Bad English

16 11 2008

This is not what I had in mind when I imagined Neener and Roo saying ‘bad words.’ Sure, I expected the hysterical giggling. The marker covered hands flitting over their yogurt-caked lips in the most feeble attempt to keep the forbidden words from tumbling off their tongues. I expected them to flout my authority and flaunt their rebellion by shouting those obscenities out at the breakfast table. For them to watch my reaction, and to delight in my mock shock. To be egged on by my inadequately hidden amusement. But I did not expect the first bad words out of their mouths to be quite so appalling. I never imagined I’d hear my children say the word ain’t.

Yeah, that’s what they’re picking up from the kids in school these days. I was all ready for them to come home with real ‘bad words’, which, as you may have guessed, I personally adore and can not wait to appropriately incorporate into the lexicon of my offspring. But Ain’t, I don’t got no, no I nevered? That shit makes my obsessively editorial, English-major self writhe and shudder far more than any mere expletive ever could. And, it has forced me to explain to my kids that poor grammar makes you sound like you don’t know no better. Like maybe you ain’t no more smarter than the empty milk cartons you brang home from school. All the while trying to be careful not to imply that the kids who speak that way – and the adults who allow it – don’t got no brains neither.

As a writer, I’m a firm believer in breaking rules and pushing boundaries. There is certainly a place in good creative writing and speaking for double negatives, made-up words, and even the odd ain’t. But I also believe that you must know the rules before you can go around breaking them. And that the appropriate place for such words is not in the mouths and minds of my five and a half year olds. So, when one of them drops the ain’t-bomb, or butchers a verb, or lets fly a double negative in the heat of the moment, I do the only thing I can to avoid coming off like an anal retentive, lecturing language snob: I turn it into a joke. I flip into a theatrical Queen of England pontification, espousing the extreme importance of proper grammar, and then break into a face-contorting, foot-stomping, elbow-flapping  singing of “There ain’t no flies on me/There ain’t no flies on me/ There might be flies on some of your guys/But there ain’t no flies on me” , channelling my very best Cletus the Slack-Jawed Yokel. This lets me simultaneously teach them a bit about good grammar, but it also lets me do something even more important: threaten to boot their little arses if I ever hear them say “No I nevered” again.




12 responses

16 11 2008

I laugh because you would have to end up with Mr. Blister, who also “growed up” with our British grandfather who would correct us in a second if we didn’t use proper english! It drives me nuts when people mix up “few than/less than”, but most of all, when people say……..”I seen”…AHHHHH!

17 11 2008

I ain’t never seen such a post as this! Well said. 🙂

17 11 2008
Papa and nanny

For ddad,it’s number/amount. He rails at the gods about the misuse of these two rogues.somebody should tell certain cbc people about that one. Me, I don’t pay no nevermind.Itaught primary.I’ve heard it all and tried to correct it. At least I got through to you!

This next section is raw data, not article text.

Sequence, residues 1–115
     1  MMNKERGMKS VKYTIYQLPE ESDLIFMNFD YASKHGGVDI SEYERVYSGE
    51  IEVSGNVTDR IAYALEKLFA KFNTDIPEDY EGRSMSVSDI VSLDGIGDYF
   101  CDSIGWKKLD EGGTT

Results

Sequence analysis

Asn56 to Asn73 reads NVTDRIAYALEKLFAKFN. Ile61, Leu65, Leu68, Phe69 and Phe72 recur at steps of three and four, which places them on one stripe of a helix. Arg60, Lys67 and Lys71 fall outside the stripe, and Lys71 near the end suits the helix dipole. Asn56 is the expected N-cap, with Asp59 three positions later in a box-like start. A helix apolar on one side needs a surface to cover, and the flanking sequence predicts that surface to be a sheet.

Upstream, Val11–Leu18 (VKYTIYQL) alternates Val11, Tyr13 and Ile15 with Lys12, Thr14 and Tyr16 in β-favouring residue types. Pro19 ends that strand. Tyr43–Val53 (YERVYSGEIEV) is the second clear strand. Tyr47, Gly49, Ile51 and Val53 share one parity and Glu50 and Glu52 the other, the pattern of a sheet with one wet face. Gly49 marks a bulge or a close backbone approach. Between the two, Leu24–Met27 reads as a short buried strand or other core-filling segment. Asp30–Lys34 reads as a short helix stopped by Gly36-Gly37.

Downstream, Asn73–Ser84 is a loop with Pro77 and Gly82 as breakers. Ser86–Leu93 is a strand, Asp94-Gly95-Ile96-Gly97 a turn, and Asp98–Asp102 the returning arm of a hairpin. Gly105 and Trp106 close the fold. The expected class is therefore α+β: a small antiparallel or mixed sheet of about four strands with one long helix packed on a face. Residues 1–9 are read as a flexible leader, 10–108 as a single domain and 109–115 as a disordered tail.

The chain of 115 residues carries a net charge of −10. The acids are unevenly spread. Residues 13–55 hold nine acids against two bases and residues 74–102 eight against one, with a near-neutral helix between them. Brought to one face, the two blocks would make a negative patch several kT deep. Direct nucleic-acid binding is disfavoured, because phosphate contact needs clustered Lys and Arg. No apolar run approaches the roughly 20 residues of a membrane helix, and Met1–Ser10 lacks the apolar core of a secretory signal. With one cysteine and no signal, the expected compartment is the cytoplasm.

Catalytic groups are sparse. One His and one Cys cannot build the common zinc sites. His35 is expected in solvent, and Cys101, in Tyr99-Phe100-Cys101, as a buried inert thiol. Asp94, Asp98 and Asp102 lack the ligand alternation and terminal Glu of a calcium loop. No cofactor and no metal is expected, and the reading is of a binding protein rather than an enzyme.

17 11 2008
Papa and nanny

Oh yeah! I corrected my principal about “brang” one time and he argued with me until I showed it to himin a grammar book. That one drives me nuts!

17 11 2008

I love your blog!

18 11 2008

When I seen this article it brang to mind all the things your kids can does in their lives time and sayin “ain’t”…that ain’t so bad.

18 11 2008

Ahhh,but ain’t is the root of all badness, Rox! As the old rhyme goes…Don’t say ain’t, your mother will faint. Your father will fall in a bucket of paint. Your brother will die, your sister will cry, and you dog will join the FBI! All that trouble starts with one little word…

19 11 2008
Aunt MaryLou

People who say “off of” (when all is required is “off”) especially on news broadcasts, drive me to distraction. The other one is using “affect and effect” at the wrong times–the two have very different meanings! The best one I heard lately on radio was, “The temperature has rose two degrees in the last hour!” I guess I spent too many years proofreading!

19 11 2008

How ’bout irregardless instead of regardless.

Hey, Miss. Grammar: What do you think of using the word “bad” instead of “badly” i.e. I felt bad that he didn’t do well on the test. My (equally literate) friend says that this is the correct usage.

19 11 2008

Ack, irregardless!! The temperature has rose?!? Bad grammar abounds. Sometimes I think about practicing random acts of editing on the world.

Hmmm, not sure on the bad/badly one…I can see instances where bad would certainly be right, as in “Going out drinkin’ and smokin’ and riding on motorcycles makes me feel ever so bad.” and i know I say “I feel bad without ever thinking twice. That is certainly one that would require some investigation.

19 11 2008
Aunt Mary Lou

Bad–adjective; badly–adverb. Adverbs are used when you can answer any of these questions: When? Where? How? Why? How much? How little? I still remember these from my Business English teacher days!

20 11 2008
Papa and nanny

What can you do when your family is, not only filled with teachers, but teachers who were raised on the books”Using Our Langauge”! I love this blog!

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